In this tutorial, we will show you how to install MongoDB on AlmaLinux 9. For those of you who didn’t know, MongoDB is a high-performance, highly scalable document-oriented NoSQL database. Unlike in SQL databases where data is stored in rows and columns inside tables, in MongoDB, data is structured in JSON-like format inside records which are referred to as documents. The open-source attribute of MongoDB as a database software makes it an ideal candidate for almost any database-related project. This article assumes you have at least basic knowledge of Linux, know how to use the shell, and most importantly, you host your site on your own VPS. The installation is quite simple and assumes you are running in the root account, if not you may need to add ‘sudo‘ to the commands to get root privileges. I will show you the step-by-step installation of the MongoDB NoSQL database on AlmaLinux 9. You can follow the same instructions for CentOS and Rocky Linux.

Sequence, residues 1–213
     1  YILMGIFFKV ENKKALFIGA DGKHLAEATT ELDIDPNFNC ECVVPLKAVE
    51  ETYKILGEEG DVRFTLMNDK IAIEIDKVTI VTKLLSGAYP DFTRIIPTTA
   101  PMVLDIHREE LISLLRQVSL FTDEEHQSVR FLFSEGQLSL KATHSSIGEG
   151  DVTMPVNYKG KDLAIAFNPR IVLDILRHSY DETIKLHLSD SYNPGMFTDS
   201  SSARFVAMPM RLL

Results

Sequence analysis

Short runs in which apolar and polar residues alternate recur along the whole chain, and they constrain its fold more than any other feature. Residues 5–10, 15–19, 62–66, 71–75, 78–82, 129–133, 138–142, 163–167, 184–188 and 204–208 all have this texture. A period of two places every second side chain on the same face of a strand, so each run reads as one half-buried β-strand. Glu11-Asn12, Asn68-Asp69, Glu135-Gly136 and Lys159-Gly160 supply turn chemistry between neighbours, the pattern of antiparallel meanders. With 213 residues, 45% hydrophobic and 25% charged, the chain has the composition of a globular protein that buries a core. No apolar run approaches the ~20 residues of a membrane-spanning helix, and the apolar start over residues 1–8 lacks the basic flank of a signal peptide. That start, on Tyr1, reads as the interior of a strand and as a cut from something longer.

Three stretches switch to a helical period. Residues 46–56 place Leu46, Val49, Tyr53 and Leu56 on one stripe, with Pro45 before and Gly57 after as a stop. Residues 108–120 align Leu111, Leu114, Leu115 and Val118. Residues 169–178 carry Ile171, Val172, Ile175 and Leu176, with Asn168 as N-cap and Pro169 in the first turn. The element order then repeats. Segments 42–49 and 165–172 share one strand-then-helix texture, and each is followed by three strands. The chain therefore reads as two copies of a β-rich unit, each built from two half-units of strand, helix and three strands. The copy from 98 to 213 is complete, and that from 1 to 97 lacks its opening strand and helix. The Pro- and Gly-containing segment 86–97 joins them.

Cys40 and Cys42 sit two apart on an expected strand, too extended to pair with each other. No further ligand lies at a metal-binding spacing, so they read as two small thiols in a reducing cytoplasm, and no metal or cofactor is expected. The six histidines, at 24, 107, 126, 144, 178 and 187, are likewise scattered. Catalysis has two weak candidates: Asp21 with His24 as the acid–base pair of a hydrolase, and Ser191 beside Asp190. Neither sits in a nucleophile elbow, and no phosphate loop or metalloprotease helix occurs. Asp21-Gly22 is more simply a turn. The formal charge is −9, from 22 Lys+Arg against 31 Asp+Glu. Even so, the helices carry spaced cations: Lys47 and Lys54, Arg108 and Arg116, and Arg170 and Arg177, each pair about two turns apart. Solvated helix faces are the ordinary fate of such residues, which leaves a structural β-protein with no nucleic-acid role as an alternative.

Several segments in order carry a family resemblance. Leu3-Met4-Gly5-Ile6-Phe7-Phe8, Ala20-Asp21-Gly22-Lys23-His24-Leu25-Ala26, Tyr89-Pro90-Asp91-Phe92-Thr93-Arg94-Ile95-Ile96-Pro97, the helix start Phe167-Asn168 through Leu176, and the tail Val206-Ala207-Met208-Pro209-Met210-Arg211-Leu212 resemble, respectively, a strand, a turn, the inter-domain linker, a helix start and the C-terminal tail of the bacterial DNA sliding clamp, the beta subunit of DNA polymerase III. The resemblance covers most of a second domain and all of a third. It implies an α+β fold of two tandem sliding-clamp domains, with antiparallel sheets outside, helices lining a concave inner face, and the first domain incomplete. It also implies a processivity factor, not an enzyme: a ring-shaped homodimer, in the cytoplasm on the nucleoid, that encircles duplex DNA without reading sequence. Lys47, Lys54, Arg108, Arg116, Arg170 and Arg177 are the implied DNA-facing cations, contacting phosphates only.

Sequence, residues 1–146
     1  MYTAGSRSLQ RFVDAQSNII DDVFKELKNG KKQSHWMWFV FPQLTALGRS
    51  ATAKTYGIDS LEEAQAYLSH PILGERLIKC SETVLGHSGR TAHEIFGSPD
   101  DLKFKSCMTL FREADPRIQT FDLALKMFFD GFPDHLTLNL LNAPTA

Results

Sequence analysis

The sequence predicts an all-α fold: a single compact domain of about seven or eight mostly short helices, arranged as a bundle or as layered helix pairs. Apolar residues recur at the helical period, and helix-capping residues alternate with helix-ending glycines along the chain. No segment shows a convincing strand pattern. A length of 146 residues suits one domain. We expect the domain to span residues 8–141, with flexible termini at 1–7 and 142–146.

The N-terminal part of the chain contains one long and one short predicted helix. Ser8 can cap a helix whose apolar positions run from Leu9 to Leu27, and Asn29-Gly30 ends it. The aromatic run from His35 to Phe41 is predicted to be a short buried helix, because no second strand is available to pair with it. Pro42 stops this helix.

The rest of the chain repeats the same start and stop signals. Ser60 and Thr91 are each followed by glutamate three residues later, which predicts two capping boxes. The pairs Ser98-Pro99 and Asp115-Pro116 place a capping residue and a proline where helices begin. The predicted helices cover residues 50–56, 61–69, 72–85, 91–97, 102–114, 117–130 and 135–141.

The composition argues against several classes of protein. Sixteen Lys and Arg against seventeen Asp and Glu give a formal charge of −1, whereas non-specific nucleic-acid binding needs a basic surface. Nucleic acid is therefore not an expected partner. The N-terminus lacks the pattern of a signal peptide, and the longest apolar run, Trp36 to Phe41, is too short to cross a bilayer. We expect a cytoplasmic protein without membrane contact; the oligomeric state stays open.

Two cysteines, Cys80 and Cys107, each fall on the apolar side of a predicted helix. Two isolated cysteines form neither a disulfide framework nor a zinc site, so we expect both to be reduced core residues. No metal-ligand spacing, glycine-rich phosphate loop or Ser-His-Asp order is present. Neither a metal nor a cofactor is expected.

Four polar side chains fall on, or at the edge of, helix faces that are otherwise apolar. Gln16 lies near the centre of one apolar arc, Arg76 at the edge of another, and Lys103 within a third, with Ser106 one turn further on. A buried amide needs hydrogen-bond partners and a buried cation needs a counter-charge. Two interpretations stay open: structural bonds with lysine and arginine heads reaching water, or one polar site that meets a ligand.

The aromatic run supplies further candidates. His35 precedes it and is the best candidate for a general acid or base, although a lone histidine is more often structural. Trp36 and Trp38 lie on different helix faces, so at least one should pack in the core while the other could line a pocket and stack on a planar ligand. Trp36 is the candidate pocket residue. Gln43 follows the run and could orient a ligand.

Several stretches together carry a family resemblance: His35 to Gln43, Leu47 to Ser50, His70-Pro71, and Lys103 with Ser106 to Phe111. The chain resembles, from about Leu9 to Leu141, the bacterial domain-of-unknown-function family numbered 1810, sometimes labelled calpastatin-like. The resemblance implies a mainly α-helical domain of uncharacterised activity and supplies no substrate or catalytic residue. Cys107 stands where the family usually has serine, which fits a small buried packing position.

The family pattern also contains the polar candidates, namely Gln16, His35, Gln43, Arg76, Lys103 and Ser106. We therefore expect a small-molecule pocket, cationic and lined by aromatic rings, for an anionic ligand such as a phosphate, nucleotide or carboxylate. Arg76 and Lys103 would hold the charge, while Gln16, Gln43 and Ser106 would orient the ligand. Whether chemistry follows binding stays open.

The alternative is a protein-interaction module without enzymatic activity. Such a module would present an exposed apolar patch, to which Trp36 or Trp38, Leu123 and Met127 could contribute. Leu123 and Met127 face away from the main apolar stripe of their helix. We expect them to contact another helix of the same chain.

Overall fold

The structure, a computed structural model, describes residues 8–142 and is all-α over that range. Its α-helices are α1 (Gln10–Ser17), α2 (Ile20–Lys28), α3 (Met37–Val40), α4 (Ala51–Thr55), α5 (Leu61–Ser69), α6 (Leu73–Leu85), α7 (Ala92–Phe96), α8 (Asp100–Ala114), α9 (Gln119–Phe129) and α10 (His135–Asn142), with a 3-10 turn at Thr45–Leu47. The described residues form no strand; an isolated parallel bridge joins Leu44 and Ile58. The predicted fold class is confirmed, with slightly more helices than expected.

• An introduction (and how-to) to Plugin Loader for the Steam Deck. - Invidious
  • Self-host a Ghost Blog With Traefik

    Ghost is a very popular open-source content management system. Started as an alternative to WordPress and it went on to become an alternative to Substack by focusing on membership and newsletter. The creators of Ghost offer managed Pro hosting but it may not fit everyone's budget. Alternatively, you can self-host it on your own cloud servers. On Linux handbook, we already have a guide on deploying Ghost with Docker in a reverse proxy setup. Instead of Ngnix reverse proxy, you can also use another software called Traefik with Docker. It is a popular open-source cloud-native application proxy, API Gateway, Edge-router, and more. I use Traefik to secure my websites using an SSL certificate obtained from Let's Encrypt. Once deployed, Traefik can automatically manage your certificates and their renewals. In this tutorial, I'll share the necessary steps for deploying a Ghost blog with Docker and Traefik.